Hutchins Roundup: Local Market Concentration, Consumer Responses to Tax Refunds, and More

Sage Belz and
Sage Belz Former Research Analyst - Hutchins Center on Fiscal & Monetary Policy, The Brookings Institution
Louise Sheiner

September 27, 2018

Studies in this week’s Hutchins Roundup find that local product markets have become less concentrated, consumers respond unevenly to tax payments and refunds, and more.

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While national concentration is rising, local markets are becoming more competitive

Large national firms have become increasingly important to the economy over the past two decades, leading many to conclude that product markets have become less competitive. However, Esteban Rossi-Hansberg of Princeton University, and Pierre-Daniel Sarte and Nicholas Trachter of the Federal Reserve Bank of Richmond find that although concentration has increased at the national level, it has actually declined at the local level. They show that concentration falls when large firms enter local markets, because the new firms compete with local monopolies or because they simply add more establishments to the market. The authors find, for example, that a new Walmart increases the number of competitive retailers in the associated ZIP code for at least seven years after opening. For this reason, they conclude antitrust policymakers may not need to worry about the rising trend in national concentration.

Consumers respond unevenly to tax payments and refunds

Studies show that temporary and predictable increases in income, like tax refunds, lead to much larger increases in household spending than economic theory would suggest. This sensitivity could be a result of behavioral factors like inattention or mental accounting rules, or it could be that households are financially constrained and put off spending until they have the cash. Brian Baugh of the University of Lincoln-Nebraska and coauthors use high-frequency data on transactions and tax filings to study whether U.S. households respond equally to temporary cash inflows and outflows. They find that households increase spending after receiving tax refunds, but do not reduce spending when they are hit by a tax bill, suggesting that financial constraints are the key factor.

Renters are more likely than homeowners to believe housing is a risky investment

Expectations about rising house prices played an important role in the housing boom and bust that led to the Financial Crisis. Researchers have studied in depth how households form price expectations and use them to make decisions, but have focused less on beliefs about the riskiness of house prices. Manuel Adelino of Duke University, Antoinette Schoar of MIT, and Felipe Severino of Dartmouth use survey data from Fannie Mae from 2010 to 2016 to study how households’ perceptions of housing risk inform their decisions to buy versus rent. They show that renters and homeowners have similar expectations about future house prices, but that renters are much more likely to think housing is a risky investment. Renters’ beliefs about risk also respond to changes in house prices very slowly, while current homeowners update their perceptions almost immediately when house prices change. This difference may explain why renters are often among the last to buy homes during housing booms and might prolong the housing cycle, they say.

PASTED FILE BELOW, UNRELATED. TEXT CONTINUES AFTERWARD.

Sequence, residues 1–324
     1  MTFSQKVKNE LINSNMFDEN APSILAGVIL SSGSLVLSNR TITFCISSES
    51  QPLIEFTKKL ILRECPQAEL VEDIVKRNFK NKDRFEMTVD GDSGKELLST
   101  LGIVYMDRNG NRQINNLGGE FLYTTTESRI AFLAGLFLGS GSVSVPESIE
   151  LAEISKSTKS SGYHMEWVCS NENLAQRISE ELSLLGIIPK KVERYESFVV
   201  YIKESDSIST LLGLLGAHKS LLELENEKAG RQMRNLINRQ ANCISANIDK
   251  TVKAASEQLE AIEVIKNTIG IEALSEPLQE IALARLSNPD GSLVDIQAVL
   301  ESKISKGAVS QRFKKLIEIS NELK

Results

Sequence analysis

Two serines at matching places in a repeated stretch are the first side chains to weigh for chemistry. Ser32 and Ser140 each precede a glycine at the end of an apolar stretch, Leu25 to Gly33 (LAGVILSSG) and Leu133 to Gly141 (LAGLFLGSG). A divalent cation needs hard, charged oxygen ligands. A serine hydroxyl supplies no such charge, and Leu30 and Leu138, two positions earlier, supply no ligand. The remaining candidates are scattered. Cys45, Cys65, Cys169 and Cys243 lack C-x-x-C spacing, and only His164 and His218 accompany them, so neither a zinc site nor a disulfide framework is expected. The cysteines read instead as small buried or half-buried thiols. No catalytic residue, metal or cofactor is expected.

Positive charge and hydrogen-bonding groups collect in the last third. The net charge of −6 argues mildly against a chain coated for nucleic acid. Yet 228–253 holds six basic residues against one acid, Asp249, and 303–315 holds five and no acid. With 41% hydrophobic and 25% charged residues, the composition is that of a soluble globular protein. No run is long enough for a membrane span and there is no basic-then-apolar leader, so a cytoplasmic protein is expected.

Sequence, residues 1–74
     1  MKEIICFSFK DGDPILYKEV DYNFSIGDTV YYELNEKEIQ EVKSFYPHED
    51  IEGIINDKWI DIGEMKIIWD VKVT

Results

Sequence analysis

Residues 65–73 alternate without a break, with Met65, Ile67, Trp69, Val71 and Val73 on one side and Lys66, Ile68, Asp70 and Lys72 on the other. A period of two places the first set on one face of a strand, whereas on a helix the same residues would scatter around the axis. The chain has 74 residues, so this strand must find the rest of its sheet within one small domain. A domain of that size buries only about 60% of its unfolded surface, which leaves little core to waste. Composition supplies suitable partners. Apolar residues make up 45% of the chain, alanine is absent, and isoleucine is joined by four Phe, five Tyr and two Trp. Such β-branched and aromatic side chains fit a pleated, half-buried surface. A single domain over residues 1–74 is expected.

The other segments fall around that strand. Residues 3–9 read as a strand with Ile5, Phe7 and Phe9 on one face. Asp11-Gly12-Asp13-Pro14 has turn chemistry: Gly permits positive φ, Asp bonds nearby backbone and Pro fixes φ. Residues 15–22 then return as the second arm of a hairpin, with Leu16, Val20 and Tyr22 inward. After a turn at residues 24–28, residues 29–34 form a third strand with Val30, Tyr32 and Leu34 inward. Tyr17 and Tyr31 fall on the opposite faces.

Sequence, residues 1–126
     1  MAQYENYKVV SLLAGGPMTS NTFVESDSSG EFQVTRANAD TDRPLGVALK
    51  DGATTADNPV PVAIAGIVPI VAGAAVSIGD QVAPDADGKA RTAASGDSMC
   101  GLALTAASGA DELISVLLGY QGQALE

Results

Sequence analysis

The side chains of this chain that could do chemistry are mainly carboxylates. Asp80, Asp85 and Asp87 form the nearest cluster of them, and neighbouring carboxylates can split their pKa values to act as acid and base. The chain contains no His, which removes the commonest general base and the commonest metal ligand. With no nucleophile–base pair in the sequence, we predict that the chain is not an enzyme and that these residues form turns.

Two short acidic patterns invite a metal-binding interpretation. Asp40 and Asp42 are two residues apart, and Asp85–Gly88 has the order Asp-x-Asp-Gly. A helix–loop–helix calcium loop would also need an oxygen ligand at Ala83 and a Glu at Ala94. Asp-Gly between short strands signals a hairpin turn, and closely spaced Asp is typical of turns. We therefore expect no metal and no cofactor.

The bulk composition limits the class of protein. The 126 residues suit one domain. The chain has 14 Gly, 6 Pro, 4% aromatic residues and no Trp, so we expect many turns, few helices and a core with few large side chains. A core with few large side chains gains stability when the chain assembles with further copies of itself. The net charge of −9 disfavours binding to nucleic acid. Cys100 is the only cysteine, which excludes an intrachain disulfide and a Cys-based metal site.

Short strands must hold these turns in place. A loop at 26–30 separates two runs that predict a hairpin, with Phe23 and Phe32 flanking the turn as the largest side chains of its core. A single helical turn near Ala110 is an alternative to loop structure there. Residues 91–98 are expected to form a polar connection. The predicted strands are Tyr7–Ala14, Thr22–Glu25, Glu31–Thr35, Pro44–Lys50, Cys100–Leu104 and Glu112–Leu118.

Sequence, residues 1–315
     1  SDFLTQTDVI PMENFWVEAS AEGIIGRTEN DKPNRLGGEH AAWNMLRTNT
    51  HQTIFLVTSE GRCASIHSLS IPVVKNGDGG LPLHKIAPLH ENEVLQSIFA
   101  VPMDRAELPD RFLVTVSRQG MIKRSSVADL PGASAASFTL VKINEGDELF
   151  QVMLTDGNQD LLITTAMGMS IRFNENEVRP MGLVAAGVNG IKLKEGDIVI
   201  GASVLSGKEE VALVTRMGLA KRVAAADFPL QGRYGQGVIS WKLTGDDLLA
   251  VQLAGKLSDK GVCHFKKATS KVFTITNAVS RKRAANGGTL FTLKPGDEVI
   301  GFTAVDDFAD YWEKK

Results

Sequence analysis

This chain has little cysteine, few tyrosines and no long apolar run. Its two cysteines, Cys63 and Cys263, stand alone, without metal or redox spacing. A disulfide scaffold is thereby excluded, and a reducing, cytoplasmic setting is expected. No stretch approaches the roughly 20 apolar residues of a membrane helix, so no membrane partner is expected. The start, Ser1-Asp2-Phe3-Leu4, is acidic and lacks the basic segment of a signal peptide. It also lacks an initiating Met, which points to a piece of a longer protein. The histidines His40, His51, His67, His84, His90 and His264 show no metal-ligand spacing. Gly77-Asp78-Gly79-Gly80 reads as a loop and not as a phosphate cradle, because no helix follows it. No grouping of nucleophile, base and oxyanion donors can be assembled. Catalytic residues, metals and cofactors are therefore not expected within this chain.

Chart of the week: US companies continue to draw accumulated earnings from foreign subsidiaries in response to the Tax Cuts and Jobs Act

Direct Investment Income Receipts and Components for US Parent Companies, 2010-2018

Quote of the week

“As the year has gone on, the economy has come in stronger than we expected. And that’s a really good thing. … Some of it is, no doubt, the effect of the fiscal policy changes, the tax cuts and the spending changes. That’s got to be part of the story. Part of it may be higher oil prices which are calling for more investment in the oil patch. But the growth picture is very much supported by very high readings of household confidence, business confidence. So it’s a particularly bright moment. If you look back over the last decade, this is a pretty good moment for the U.S. economy. Supply side effects [of the tax cuts]—we hope they’re huge, frankly. … The effects are very uncertain there. There’s no clear answer to exactly how these mechanisms work or how effective they are. And it would be soon to be seeing things. Supply side effects are both more uncertain and they’re probably slower to come in,” says Jerome Powell, chairman of the Federal Reserve.

“It’s no secret, it’s been true for a long time, that with our uniquely expensive health care delivery system and the aging of our population, we’ve been on an unsustainable fiscal path for a long time. There’s no hiding from it. In the end we will have to face that, and I think, the sooner the better. Also, these are good times. This is the economy at nearly full employment or in the neighborhood of full employment, interest rates are low—it’s a good time to be addressing these things.”